Background: The economic crisis posed various challenges to policy-makers who had to decide on which health policy measures to focus on and on which to refrain from. The aim of this research was to assess the relevance of ethics and to highlight ethical dimensions in decision-taking by policy-makers with regard to policy and priority-setting in health systems posed by the economic crisis. Methods: Semi-structured qualitative interviews were conducted with eight European policy-makers from six countries. Results: All interviewees recalled difficult and strenuous situations where they had to prioritise between distinct areas to focus on and invest in, for example around choices between prioritising medications, health professional staffing, care specific equipment, or urgent infrastructure issues. Values could be identified which they deemed as important within the policy-making process, such as trust and responsibility. They explicitly expressed the need for ethical tools and assistance in terms of policy advice for reaching morally sustainable decisions in health policy matters. Conclusions: The study showed that ethical concepts and values frequently come into play in health policy-making, and that ethics is highly relevant in policy-makers' daily decision-taking, yet that they lack ethical guidance on what to base their decisions. The study is of relevance since it can provide future decisions on austerity-related issues with an ethical underpinning and could identify areas of moral concern.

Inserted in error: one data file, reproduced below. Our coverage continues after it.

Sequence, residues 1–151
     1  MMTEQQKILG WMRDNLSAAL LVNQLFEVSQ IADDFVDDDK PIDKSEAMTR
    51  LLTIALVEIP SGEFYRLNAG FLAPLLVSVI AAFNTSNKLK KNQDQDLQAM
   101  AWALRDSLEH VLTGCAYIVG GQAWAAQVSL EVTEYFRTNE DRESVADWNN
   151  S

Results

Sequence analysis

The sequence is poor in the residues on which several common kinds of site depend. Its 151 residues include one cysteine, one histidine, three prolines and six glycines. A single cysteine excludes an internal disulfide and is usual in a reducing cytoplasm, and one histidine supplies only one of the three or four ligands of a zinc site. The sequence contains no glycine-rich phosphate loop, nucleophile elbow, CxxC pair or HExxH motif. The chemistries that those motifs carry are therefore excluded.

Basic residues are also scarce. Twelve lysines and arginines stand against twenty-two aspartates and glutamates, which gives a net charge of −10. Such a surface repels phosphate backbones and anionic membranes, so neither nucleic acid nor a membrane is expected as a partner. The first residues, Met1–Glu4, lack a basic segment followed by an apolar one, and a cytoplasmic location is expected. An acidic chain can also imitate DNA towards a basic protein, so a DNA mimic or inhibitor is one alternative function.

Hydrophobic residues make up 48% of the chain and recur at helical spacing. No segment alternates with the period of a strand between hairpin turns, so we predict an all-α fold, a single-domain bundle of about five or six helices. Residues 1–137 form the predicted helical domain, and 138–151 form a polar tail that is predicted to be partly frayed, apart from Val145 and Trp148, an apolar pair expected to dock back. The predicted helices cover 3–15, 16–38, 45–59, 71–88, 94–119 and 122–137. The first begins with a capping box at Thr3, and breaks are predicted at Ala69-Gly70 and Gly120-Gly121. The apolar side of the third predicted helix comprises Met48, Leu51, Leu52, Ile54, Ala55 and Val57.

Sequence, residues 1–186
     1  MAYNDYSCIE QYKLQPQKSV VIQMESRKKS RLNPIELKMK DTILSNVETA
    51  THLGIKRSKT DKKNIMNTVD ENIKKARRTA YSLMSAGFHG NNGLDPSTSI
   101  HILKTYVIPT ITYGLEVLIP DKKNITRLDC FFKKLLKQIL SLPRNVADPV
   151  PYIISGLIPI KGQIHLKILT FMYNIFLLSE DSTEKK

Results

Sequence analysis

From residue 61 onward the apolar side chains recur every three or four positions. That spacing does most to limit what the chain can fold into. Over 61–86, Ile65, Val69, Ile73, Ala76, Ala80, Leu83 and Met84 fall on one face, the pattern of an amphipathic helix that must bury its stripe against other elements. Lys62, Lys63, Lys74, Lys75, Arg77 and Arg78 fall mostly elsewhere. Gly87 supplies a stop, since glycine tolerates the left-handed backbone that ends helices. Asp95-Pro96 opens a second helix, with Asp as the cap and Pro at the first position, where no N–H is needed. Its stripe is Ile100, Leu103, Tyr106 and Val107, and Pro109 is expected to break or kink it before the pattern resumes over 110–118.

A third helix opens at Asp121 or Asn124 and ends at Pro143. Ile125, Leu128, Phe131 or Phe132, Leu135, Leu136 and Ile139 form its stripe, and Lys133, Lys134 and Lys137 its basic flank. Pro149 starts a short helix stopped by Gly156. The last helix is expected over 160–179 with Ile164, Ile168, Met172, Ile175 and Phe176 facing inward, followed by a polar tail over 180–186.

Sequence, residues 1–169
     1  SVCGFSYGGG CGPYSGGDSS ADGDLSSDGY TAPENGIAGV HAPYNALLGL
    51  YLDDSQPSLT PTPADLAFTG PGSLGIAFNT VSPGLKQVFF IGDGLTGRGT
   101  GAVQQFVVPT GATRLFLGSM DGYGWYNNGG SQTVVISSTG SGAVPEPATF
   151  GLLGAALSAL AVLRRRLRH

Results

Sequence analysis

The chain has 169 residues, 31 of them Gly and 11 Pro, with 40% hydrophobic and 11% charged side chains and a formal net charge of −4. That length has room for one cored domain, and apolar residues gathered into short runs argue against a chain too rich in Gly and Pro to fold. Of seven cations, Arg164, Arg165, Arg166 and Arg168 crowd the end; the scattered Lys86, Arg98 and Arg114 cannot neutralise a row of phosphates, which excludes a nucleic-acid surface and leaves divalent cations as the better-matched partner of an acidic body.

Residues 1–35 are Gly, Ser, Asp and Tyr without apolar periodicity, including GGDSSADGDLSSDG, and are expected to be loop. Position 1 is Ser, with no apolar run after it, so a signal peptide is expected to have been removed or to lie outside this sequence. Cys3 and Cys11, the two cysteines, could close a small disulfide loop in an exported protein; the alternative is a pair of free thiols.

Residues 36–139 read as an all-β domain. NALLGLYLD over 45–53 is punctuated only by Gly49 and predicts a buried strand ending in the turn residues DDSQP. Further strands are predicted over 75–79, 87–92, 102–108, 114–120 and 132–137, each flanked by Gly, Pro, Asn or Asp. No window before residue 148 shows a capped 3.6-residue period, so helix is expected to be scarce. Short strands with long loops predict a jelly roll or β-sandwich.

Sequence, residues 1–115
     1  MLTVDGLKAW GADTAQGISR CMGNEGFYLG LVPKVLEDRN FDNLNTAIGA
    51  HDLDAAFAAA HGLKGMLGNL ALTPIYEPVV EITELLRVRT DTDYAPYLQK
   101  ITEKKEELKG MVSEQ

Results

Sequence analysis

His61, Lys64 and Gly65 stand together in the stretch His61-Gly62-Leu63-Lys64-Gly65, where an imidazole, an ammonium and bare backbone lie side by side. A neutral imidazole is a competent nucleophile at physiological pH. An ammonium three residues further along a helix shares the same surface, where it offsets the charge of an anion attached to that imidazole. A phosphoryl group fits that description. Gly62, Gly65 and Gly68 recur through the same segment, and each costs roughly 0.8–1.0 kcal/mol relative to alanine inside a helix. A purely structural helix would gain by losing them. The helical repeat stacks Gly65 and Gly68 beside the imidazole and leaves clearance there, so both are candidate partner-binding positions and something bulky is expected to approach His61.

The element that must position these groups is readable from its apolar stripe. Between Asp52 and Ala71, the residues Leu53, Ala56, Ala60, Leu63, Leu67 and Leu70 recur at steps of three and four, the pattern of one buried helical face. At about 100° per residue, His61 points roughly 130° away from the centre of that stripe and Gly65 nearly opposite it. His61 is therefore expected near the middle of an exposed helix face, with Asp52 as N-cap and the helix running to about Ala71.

All Science Journal Classification (ASJC) codes
- Health Policy
- Public Health, Environmental and Occupational Health